Inpsired by the article 19 teeny-tiny resolutions for a happier 2019, I wanted to go through a list of some awesome small things you can do as a developer to be a better developer. This isn't a list of algorithms to learn, technology to tackle, etc. it's a list of things that hopefully won't take a huge amount of time but will help a good deal.
1. Take the FreeCodeCamp Accessibility Course
Accessibility is a HUGE deal. It's also pretty hot in the development community and a pretty big deal if you know what you're talking about. Not only that, but the course itself is pretty fast and won't change too much in regards to what you do, it'll just help you focus on using the correct HTML markup, teach you about new HTML markup for accessibility (I had no idea
accesskey was a thing!), and overall, make you more aware of issues in regards to accessibility.
When we leave jobs, it's sometimes very easy to simply move on completely from the people we've worked with, the environment there, and so on. But, I found it very instructive and helpful to catch-up with people I used to work with.
Aside from a fun social call (that I still highly recommend), keeping connections is pretty big for one's career. You never know when you'll be looking for new work or when you'll be looking for someone you know and trust to join your company.
Bonus points: that ex-colleague doesn't need to be a developer!
Get some compressed air and blow all that junk out! Get a cotton swap and some alcohol, wipe down those keys. Or just look up how to do it. That keyboard probably needed some cleaning for quite a while.
This may sound strange but I find it pretty important to listen to why people want to use one platform over another. I'm a Windows user but I've heavily used both Linux (Ubuntu + Arch) as well as MacOS. Knowing why users prefer one over another can also help empathize with your users and other developers.
Try this with web browsers as well if you've got the time. Why does someone use IE Edge? Or Firefox? Or why do people stick with Chrome?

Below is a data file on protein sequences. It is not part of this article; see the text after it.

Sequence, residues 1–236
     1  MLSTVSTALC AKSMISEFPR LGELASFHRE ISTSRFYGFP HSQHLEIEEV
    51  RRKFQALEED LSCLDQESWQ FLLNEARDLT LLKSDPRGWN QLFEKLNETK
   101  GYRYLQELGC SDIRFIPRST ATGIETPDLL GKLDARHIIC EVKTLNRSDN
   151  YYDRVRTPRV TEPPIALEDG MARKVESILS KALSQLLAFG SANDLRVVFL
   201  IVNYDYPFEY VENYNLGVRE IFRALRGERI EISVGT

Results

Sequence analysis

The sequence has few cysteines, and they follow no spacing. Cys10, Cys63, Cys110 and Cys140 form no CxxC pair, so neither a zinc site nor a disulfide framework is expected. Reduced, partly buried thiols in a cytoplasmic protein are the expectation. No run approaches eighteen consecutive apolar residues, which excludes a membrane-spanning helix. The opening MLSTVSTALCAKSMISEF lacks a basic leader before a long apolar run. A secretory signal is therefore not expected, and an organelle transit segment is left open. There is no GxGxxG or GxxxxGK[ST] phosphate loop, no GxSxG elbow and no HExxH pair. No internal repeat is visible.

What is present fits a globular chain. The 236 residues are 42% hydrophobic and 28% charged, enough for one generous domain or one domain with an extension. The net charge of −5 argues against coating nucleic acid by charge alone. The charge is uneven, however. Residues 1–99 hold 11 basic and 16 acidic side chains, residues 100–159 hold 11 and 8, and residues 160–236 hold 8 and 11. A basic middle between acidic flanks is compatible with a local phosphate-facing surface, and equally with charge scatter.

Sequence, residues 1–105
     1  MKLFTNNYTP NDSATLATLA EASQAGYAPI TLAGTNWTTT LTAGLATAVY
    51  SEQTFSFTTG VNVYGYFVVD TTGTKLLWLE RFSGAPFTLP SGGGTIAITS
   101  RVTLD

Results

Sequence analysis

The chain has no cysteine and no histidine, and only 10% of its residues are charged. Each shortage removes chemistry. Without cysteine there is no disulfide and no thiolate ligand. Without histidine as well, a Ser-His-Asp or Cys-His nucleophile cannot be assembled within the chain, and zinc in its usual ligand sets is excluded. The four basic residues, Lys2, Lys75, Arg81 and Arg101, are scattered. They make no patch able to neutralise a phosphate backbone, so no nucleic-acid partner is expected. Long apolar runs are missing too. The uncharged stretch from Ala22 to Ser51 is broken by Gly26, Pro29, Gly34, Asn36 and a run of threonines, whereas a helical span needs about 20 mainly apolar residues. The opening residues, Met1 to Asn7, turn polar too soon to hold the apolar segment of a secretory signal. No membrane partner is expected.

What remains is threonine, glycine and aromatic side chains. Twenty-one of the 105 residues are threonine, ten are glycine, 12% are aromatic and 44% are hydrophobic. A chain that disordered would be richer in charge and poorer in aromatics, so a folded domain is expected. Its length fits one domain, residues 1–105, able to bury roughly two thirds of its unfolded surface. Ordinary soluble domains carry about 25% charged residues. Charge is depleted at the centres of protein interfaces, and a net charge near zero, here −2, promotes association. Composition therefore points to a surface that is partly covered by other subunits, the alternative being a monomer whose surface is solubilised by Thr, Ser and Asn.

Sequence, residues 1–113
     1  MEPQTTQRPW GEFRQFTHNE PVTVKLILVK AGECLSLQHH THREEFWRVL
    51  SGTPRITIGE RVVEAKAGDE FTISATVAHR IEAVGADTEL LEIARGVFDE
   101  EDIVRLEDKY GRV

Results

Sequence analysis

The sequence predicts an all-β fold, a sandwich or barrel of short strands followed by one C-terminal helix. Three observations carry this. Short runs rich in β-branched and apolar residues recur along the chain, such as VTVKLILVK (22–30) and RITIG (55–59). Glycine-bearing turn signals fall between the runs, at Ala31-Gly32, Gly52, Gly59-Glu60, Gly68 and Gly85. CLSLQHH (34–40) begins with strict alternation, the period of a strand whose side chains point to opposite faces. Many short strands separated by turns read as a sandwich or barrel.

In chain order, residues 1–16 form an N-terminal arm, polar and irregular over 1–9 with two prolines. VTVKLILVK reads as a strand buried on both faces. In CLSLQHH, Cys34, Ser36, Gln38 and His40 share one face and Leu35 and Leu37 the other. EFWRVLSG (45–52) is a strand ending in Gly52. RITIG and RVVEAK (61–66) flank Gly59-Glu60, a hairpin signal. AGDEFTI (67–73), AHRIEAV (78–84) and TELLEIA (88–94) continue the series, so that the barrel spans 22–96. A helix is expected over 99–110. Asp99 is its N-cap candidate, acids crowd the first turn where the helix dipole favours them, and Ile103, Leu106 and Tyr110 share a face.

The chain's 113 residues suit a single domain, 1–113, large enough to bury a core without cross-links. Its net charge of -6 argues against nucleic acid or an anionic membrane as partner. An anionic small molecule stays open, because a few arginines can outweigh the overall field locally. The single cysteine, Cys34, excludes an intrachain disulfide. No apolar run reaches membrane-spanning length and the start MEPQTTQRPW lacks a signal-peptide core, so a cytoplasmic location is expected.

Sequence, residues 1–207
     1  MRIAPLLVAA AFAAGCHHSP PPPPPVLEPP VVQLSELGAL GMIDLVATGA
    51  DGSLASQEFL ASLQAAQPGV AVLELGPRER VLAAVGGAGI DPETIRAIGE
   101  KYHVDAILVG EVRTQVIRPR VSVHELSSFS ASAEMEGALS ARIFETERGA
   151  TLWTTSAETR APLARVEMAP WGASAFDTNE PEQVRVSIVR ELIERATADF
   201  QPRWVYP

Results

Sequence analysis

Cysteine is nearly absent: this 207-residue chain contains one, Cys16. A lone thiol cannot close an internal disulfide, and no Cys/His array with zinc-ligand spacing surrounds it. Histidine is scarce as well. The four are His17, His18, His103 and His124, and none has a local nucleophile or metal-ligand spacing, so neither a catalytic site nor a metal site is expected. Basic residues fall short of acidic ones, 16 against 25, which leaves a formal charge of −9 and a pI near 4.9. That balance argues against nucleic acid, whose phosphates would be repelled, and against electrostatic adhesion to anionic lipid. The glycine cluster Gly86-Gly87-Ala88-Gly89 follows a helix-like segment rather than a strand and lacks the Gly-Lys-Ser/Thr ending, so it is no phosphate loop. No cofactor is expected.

Documentation tries to teach, and articles tend to either instruct (as in teach) or argue why you should use a technology. But if you want to get a glimpse of how the technology works, what it's used for, or how people write code using that tech, check out a talk.
Check out the Programming Talks repo for the cream of the crop
In fact, learn more about how your health is impacted by the work you do. A few years back, I developed a pain in my wrists and forearms because I was using a keyboard that didn't work for me. At some point, it forced me to take breaks from work because my arms just hurt too much.
If you found yourself having back pains, wrist pains, or other pains after working, you might want to check out ways to improve your working environment into a healthier environment.
Learning all of an editor's power-user feature-set is really unreasonable but learning feature can help more than you'd expect.
I'm a VS Code user and one feature that I've learned about is that when I press
Ctrl+F2 (on Windows) over a variable, I can edit the variable's name across all of its occurrences. I used to use Find & Replace which isn't precise enough and you can't just find/replace all occurrences.
There, if you have VS Code, you've already fulfilled this one.
I lied earlier. This is one technology I'd like to get you to learn. At least, if you're a web developer of any kind at least. Once you get the hang of it (and it won't take too long!), you'll find yourself using it everywhere.
I recently started prototyping a redesign for my site and flexbox + grid made that experience so much better. Here's the ever-changing result if you're interested.
I'm dropping some links here for you:
Grid Garden - a pretty easy way to test out and learn CSS grid. Though, it does lack one of the most important features of CSS grid called
- I made a couple of videos on CSS grid should you want to check them out. There's CSS Grids for Responsive Blog-Site Layouts and Basic Introduction To CSS Grids
- Flexbox Froggy - made by the same people as Grid Garden, Flexbox Froggy is another tool to learn and test out flexbox in a very fun way
Doesn't matter what language of choice you use, go publish a package! If there is code that you tend to copy/paste between projects, no matter how small or simple, go make a package, publish it on your platform of choice, and start using it.